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plaintiff, and

defendant, shall

Witness refusing to be sworn,

be the truth, the whole truth, and nothing but the truth.

[Id., § 108.]

§ 3001. Where a witness, attending before a justice in an action, refuses to be sworn or affirmed in the form prescribed by law; or to rant there answer a pertinent and proper question; or neglects or refuses to

etc. War



of war.


ment of recusant witness.

produce a book or paper which he has been duly subpoenaed to produce, as prescribed in section 2969 of this act, or duly required to produce by an order, made as prescribed in section 867 of this act; and the party, at whose instance he attended, makes oath that the testimony of the witness, or that the book or paper, is so far material, that without it he cannot safely proceed with the trial of the action, the justice may, by warrant, commit the witness to the jail. of the county.(")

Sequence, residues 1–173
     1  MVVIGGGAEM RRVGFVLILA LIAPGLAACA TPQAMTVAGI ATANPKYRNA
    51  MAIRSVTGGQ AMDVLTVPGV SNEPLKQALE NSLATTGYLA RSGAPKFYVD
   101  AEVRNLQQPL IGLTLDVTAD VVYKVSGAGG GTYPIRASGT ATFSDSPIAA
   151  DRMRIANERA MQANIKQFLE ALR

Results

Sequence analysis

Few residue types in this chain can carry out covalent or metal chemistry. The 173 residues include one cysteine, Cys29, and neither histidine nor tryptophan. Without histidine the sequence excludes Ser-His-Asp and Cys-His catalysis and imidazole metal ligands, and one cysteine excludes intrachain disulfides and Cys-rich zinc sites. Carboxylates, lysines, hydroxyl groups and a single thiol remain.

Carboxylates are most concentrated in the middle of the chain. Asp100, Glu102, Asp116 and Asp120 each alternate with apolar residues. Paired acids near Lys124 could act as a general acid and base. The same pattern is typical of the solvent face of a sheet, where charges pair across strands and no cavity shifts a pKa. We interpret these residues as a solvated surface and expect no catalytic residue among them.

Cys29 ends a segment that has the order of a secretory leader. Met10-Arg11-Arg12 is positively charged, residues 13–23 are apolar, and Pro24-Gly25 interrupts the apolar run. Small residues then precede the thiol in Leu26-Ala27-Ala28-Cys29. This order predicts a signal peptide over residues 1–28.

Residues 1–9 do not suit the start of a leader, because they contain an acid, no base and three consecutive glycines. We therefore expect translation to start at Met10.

[Id., § 279 (3 R. S., 5th ed., 461; 2 Edm., 282), amended by adding the second clause relating to the production of books, etc. It was held in Lane v. Cole, 12 Barb. 680; and Bonesteel v. Lynde, 8 How. Pr., 226, affirmed id., 352; that a failure to produce a document called for by a subpoena duces tecum, issued from a court of record, is a contempt of the court. Perhaps the rule was also applicable to a case in a justice's court; but the question was doubtful, and as it clearly appeared that the rule should be so applicable, the section was so framed as to remove all doubts upon the subject. For some important rulings under the provisions revised in this and the next section, which are equally applicable to the sections as they now stand, see Rutherford v. Holmes, 66 N. Y., 368. ]

§ 3002. The warrant must specify the cause for which it is isrant: im- sued. If it is issued for refusing to answer a question, the question must be specified therein; if for neglecting or refusing to produce a book or paper, the same must be described with convenient certainty. The recusant witness must be closely confined, by virtue of the warrant, until he submits to be sworn or affirmed, or to answer, or to produce the book or paper required, as the case may be; or is ɔtherwise discharged according to law.

Adjournment thereupon.

[Id., § 280, amended by inserting the provisions as to books, etc., so as to conform this section to the last section; and by adding the last geven words. ]